12 Replies Latest reply on Sep 22, 2009 3:44 AM by pratkai

    Removed VMFS3 volume from iSCSI target - am I screwed?

    robotdog Novice

      Hi. I was "trying" to move some virtual machines around between servers and SANs. On one ESXi 3.5 server, I "had" a VMFS volume on an iSCSI target on a basic SAN device. 



      The volume "was" listed on the server/configuration tab under storage. I removed it thinking it would just be removing the reference to the volume from that host's perspective but it appears to have deleted the volume from the iSCSI target.



      Is that correct - is my volume gone? Am I screwed? Is there anyway to recover the volume?



      Any help or guidance would be really appreciated. Thanks in advance.

        • 1. Re: Removed VMFS3 volume from iSCSI target - am I screwed?
          VMmatty Master
          vExpertUser Moderators

          Did you try to rescan your adapters to see if the volume is still available?  What happens if you go into Storage and click Add?  Do you still see the volume?

          • 2. Re: Removed VMFS3 volume from iSCSI target - am I screwed?
            robotdog Novice


            I should have mentioned in my first post...



            I did try a rescan for volumes but nothing showes up.



            When I went to add a storage volume, it says the LUN has no volumes on it and all the space is free.



            It sounds like there are some options to recover based on the research but I don't see any clear step-by-step instructions.









            • 3. Re: Removed VMFS3 volume from iSCSI target - am I screwed?
              AndreTheGiant Guru
              User ModeratorsvExpert

              After the rescan operation, what is the output of this command?

              fdisk -l



              • 4. Re: Removed VMFS3 volume from iSCSI target - am I screwed?
                robotdog Novice

                Thank you for your help.


                The first /dev entry is the iSCSI LUN I believe.



                Disk /dev/disks/vmhba32:1:0:0: 214.7 GB, 214748364800 bytes

                255 heads, 63 sectors/track, 26108 cylinders

                Units = cylinders of 16065 * 512 = 8225280 bytes



                                  Device Boot    Start       End    Blocks   Id  System



                Disk /dev/disks/vmhba1:0:0:0: 146.6 GB, 146695782400 bytes

                64 heads, 32 sectors/track, 139900 cylinders

                Units = cylinders of 2048 * 512 = 1048576 bytes



                                 Device Boot    Start       End    Blocks   Id  System

                /dev/disks/vmhba1:0:0:1             5       750    763904    5  Extended

                /dev/disks/vmhba1:0:0:2           751      4845   4193280    6  FAT16

                /dev/disks/vmhba1:0:0:3          4846    139900 138296320   fb  VMFS

                /dev/disks/vmhba1:0:0:4   *         1         4      4080    4  FAT16 <32M

                /dev/disks/vmhba1:0:0:5             5        52     49136    6  FAT16

                /dev/disks/vmhba1:0:0:6            53       100     49136    6  FAT16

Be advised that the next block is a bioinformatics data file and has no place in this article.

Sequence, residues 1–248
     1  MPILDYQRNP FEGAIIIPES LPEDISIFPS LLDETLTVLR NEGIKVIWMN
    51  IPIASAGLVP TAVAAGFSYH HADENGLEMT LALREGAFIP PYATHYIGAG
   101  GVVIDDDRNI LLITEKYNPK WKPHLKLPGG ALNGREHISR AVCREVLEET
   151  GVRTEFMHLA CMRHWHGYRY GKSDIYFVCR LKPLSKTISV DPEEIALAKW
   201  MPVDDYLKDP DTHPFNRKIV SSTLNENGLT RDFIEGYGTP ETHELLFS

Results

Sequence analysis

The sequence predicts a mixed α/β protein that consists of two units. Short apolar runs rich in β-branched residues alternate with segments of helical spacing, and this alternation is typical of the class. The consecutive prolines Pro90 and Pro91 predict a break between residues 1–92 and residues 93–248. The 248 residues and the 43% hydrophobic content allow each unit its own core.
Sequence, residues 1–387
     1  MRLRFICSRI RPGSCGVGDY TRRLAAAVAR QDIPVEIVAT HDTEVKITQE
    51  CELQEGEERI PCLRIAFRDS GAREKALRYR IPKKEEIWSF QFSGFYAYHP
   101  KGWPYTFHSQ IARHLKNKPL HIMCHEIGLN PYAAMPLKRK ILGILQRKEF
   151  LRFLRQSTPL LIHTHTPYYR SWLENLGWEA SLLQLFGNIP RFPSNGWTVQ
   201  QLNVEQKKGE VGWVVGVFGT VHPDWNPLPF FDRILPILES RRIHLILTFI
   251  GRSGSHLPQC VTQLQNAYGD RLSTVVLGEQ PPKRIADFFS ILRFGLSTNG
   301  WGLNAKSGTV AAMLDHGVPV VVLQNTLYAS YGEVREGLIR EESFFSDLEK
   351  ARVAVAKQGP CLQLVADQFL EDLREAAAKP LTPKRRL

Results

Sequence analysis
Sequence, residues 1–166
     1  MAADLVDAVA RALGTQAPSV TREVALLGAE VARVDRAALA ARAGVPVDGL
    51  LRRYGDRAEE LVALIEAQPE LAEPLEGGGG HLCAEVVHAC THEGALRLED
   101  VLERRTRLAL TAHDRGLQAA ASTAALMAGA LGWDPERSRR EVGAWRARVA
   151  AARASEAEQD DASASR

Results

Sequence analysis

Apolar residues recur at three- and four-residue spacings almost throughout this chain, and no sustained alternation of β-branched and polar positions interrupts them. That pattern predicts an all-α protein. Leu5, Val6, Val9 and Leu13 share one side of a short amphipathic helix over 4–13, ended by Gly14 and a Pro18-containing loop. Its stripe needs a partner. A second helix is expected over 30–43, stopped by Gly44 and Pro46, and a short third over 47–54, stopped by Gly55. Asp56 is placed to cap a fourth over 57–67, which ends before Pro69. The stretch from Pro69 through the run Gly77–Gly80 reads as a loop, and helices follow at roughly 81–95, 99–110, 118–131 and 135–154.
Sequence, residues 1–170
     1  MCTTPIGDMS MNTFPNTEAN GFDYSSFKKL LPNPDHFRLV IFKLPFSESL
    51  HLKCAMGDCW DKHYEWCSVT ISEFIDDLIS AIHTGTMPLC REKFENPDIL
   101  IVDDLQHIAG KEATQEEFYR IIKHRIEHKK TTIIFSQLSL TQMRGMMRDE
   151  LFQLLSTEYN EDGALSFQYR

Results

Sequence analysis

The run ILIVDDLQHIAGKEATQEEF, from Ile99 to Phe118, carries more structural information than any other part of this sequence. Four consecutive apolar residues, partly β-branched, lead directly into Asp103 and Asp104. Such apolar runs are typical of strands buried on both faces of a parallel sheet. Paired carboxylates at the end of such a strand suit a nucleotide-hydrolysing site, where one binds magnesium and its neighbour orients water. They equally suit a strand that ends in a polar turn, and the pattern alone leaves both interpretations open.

/dev/disks/vmhba1:0:0:7           101       210    112624   fc  VMKcore

                /dev/disks/vmhba1:0:0:8           211       750    552944    6  FAT16



                Partition table entries are not in disk order

                • 5. Re: Removed VMFS3 volume from iSCSI target - am I screwed?
                  AndreTheGiant Guru
                  vExpertUser Moderators

                  Bad news... I do not see the VMFS partition in your LUN (it was a 214G LUN?).

                  Call VMware to try to restore the partition (if possible).



                  • 6. Re: Removed VMFS3 volume from iSCSI target - am I screwed?
                    robotdog Novice


                    Thanks for your help.  After searching, I finally came upon some instructions that worked and it ended up being pretty easy.  I lifted the following and pasted it here for others.  I also uploaded the PDF they mention although their version of the instructions worked great.  Whew!!!









                    Recovering VMFS partitions with VMware ESX troubleshooting

                                   Edward Haletky, Contributor


                                   Rating: --- (out of 5)

                    http://rss.techtarget.com/520.xml Enterprise IT tips and expert advice\

                    [Enterprise IT tips and expert advice\

                    http://digg.com/submit?phase=2&url=http%3A%2F%2FsearchVMware%2Etechtarget%2Ecom%2Ftip%2F0%2C289483%2Csid179%5Fgci1347841%5Fmem1%2C00%2Ehtml&title=RecoveringVMFSpartitionswithVMwareESXtroubleshooting&topic=tech_news&bodytext=Reinstalling%20servers%20is%20a%20common%20task%20for%20system%20administrators%2C%20but%20when%20a%20typical%20process%20goes%20awry%2C%20it%20can%20wreak%20havoc%2E%20In%20this%20two%2Dpart%20series%20on%20troubleshooting%20VMware%20ESX%2C%20a%20VMware%20expert%20mistakenly%20deletes%20additional%20partitions%20that%20show%20up%20after%20he%20performed%20a%20VMware%20Consolidated%20Backup%20proxy%20host%20reinstall%2C%20which%20nearly%20destroys%20the%20Virtual%20Machine%20File%20System%20and%20RDM%20data%2E] Digg This!\    [Digg This!\